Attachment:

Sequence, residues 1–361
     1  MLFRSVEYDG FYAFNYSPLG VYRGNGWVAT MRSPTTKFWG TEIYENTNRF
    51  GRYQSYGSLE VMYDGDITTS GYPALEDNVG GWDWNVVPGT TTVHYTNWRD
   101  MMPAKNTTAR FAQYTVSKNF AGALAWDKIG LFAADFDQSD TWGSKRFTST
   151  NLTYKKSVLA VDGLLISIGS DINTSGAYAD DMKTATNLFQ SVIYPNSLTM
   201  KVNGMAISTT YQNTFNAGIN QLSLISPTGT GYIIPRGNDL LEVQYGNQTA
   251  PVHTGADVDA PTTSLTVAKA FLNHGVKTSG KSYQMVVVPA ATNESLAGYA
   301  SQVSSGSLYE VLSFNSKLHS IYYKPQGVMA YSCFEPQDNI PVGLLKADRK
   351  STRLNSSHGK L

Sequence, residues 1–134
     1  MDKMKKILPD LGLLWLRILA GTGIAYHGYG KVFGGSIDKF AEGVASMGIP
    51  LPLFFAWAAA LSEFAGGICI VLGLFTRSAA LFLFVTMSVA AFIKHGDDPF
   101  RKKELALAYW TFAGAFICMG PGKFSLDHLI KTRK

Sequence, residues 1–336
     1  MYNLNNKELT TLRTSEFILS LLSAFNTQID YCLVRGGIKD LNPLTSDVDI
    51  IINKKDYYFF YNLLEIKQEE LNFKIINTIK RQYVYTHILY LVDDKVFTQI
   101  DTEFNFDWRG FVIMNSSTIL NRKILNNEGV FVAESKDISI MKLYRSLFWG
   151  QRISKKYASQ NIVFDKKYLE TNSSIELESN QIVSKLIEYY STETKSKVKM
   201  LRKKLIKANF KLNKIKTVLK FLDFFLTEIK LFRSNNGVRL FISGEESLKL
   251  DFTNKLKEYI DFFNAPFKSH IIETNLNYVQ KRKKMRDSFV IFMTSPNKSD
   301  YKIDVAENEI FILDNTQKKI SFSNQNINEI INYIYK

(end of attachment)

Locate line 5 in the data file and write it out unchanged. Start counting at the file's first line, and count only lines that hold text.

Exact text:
   151  NLTYKKSVLA VDGLLISIGS DINTSGAYAD DMKTATNLFQ SVIYPNSLTM